“Surely this year, amid soaring inflation and falling consumer sentiment, the good times for holiday sales are over, aren’t they?” the economists asked rhetorically. form the bank. “Not according to Santa’s watch; our forecast calls for holiday sales to grow 6% this year, which if realized would be above the long-term average of 4.6%.

Such an increase would equate to nearly $1.5 billion in holiday shopping spending.

Wells Fargo added that while they remain pessimistic heading into 2023, reports of consumer death in 2022 are premature, with the “strange endurance” continuing to defy even the most pessimistic predictions. Additionally, the bank expects bargain hunting to drive increased foot traffic at outlets through the end of the year.

A similar dynamic was hinted at by Brett Narlinger, head of global commerce at prepaid gift card provider Blackhawk Network.

“Consumers can continue to spend because they’re buying creatively and prudently,” he told SeekingAlpha. “People are looking for deals and trying to spread out their holiday shopping. Bargain-seeking behaviors are commonplace and hybrid in-store/online shopping is a smart strategy people are using to find the best prices.”

Promotional issues

That said, promotions that drive increased demand also negatively impact margins. Of course, most retailers aren’t keen on offering discounts just to stimulate demand, but to eliminate the high inventory levels that have become a lingering concern.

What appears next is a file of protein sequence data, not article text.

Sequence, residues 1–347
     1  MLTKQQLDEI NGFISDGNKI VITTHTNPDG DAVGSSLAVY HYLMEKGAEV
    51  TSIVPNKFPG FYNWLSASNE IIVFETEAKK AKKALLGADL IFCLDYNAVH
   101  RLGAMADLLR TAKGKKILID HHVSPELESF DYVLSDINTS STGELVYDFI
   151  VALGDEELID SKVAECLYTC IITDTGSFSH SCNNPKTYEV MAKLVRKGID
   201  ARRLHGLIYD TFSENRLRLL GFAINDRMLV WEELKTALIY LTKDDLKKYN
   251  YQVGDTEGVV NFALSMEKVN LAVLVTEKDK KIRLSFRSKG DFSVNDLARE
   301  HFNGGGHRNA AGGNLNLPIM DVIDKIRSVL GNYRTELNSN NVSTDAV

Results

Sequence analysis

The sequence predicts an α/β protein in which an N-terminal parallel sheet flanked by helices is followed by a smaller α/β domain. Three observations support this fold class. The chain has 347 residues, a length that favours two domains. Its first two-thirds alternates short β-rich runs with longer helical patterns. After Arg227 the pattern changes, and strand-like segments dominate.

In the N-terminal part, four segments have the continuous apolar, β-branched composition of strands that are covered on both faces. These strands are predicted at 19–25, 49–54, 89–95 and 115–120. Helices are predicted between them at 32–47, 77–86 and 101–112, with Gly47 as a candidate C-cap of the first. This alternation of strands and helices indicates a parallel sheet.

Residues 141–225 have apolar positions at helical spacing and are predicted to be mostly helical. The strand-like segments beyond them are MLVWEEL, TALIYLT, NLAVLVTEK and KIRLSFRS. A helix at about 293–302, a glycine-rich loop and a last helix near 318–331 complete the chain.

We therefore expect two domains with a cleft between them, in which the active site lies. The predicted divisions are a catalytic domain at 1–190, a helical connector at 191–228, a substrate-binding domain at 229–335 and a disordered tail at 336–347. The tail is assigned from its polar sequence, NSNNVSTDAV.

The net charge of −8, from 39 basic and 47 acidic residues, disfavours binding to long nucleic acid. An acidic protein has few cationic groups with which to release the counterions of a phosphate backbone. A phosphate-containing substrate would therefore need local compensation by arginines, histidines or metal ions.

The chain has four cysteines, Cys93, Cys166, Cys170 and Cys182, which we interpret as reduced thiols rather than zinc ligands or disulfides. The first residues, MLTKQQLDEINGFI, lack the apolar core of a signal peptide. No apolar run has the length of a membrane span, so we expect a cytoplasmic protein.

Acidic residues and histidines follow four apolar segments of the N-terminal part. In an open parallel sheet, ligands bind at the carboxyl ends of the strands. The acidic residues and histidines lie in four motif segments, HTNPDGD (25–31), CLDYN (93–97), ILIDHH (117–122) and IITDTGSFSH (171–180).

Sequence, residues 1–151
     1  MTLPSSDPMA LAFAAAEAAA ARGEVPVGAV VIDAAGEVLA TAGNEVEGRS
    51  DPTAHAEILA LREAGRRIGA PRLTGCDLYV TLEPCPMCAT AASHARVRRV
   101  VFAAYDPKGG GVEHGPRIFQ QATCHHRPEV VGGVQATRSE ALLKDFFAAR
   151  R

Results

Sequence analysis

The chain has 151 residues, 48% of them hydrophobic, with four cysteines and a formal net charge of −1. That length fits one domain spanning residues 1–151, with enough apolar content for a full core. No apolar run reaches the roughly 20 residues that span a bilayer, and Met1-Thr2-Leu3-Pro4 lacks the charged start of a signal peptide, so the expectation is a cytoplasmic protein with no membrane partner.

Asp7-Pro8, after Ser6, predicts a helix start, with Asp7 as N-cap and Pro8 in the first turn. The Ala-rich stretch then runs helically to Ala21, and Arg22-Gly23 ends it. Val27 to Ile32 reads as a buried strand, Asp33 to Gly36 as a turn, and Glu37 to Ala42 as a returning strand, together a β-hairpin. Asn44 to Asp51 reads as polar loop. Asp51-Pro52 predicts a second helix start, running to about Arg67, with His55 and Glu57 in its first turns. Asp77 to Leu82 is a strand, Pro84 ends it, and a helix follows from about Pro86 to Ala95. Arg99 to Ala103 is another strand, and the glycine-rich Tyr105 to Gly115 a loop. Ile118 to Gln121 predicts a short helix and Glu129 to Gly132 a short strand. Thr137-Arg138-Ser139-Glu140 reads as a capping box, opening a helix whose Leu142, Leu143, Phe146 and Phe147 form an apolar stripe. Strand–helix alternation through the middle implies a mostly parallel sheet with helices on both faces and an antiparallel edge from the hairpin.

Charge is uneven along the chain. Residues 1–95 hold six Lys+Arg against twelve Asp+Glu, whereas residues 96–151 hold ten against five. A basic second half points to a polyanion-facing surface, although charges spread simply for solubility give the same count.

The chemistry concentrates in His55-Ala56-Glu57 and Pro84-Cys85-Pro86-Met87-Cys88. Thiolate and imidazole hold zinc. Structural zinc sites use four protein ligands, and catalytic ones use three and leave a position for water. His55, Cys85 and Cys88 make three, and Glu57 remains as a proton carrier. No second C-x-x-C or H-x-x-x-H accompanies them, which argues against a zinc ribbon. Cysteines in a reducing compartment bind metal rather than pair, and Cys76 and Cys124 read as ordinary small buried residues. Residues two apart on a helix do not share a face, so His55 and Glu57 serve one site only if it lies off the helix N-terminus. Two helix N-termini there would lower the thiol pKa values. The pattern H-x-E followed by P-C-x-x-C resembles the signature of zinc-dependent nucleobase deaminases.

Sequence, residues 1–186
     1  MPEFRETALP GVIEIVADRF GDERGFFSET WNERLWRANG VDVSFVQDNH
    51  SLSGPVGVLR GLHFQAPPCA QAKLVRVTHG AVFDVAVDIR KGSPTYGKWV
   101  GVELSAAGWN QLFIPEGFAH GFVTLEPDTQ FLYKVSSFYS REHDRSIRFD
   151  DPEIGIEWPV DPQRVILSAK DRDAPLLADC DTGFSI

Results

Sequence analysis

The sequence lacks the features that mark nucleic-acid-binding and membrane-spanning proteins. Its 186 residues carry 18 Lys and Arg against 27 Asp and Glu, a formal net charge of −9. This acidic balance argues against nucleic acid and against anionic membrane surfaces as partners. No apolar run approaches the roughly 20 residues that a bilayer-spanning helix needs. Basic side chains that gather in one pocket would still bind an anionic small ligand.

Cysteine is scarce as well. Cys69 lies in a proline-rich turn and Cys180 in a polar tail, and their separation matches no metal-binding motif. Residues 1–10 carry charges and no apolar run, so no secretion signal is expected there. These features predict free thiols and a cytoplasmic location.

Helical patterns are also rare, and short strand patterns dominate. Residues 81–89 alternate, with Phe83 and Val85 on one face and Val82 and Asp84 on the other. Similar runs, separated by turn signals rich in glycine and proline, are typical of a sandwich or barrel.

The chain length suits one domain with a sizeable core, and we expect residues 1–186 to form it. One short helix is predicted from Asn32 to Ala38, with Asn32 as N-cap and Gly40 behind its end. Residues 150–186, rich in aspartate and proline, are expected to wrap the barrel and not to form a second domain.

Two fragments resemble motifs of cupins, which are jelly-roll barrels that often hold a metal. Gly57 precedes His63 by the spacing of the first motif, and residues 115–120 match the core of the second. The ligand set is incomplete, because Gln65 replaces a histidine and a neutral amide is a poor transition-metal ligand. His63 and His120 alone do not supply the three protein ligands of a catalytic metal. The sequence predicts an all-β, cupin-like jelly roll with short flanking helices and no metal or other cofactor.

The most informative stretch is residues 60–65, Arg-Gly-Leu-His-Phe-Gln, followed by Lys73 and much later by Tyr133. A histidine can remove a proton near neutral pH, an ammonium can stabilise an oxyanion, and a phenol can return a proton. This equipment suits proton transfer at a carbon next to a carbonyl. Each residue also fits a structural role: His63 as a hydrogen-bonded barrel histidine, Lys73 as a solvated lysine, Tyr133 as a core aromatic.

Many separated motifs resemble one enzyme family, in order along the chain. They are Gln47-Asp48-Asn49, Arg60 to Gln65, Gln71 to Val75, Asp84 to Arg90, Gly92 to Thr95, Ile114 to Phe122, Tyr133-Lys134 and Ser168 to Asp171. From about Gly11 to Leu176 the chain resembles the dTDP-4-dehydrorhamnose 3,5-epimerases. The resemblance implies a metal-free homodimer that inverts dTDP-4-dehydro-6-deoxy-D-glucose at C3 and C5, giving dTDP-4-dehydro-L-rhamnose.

The problem has been particularly pronounced for retailers like Target (NYSE: TGT), Kohl (NYSE: KSS), Abercrombie & Fitch, Ross Stores, Nordstrom, Burlington Stores and TJX Companies – which each reported continued sales increases to eliminate inventory. In electronics, both Best Buy (BBY) were also flagged by Evercore on October 19 for continuously high inventory levels.

Even Walmart (WMT), usually among the best in supply chain management, was prompted to cut its profit forecast due to high inventories earlier in the year. The Arkansas-based retailer said in August that its inventory clearance work was continuing.

“Excess inventory will continue to extend the selling season even as Walmart and other retailers scramble to cancel billions of dollars in orders,” Tiffany Yeh, managing director of retail at Boston Consulting Group, told SeekingAlpha. . “Other retailers, including The Gap (GPS), plan to hold unsold items in warehouses to return to shelves later this year.”

Over the past week, these same inventory issues have plagued Nike (NYSE: NKE), Under Armor (UAA) and Adidas (OTCQX:ADDYY). The latter told investors in a pre-announcement Oct. 20 that inventory levels jumped 63% from September 2021 to 2022, casting further doubt on the recovery in margins in the footwear and apparel industry.

As such, the gift of strong sales provided by intense promotional activity can feel more like a lump of coal to the bottom line.